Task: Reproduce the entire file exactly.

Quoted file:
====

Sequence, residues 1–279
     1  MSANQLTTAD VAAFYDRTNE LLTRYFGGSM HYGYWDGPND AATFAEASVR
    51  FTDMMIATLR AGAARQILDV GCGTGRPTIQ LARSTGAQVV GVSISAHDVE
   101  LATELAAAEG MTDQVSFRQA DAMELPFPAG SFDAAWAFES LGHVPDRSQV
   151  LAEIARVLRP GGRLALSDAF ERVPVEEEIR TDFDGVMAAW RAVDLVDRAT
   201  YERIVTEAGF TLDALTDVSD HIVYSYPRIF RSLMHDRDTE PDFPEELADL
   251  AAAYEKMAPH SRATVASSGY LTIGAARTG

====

Sequence, residues 1–279
     1  MSANQLTTAD VAAFYDRTNE LLTRYFGGSM HYGYWDGPND AATFAEASVR
    51  FTDMMIATLR AGAARQILDV GCGTGRPTIQ LARSTGAQVV GVSISAHDVE
   101  LATELAAAEG MTDQVSFRQA DAMELPFPAG SFDAAWAFES LGHVPDRSQV
   151  LAEIARVLRP GGRLALSDAF ERVPVEEEIR TDFDGVMAAW RAVDLVDRAT
   201  YERIVTEAGF TLDALTDVSD HIVYSYPRIF RSLMHDRDTE PDFPEELADL
   251  AAAYEKMAPH SRATVASSGY LTIGAARTG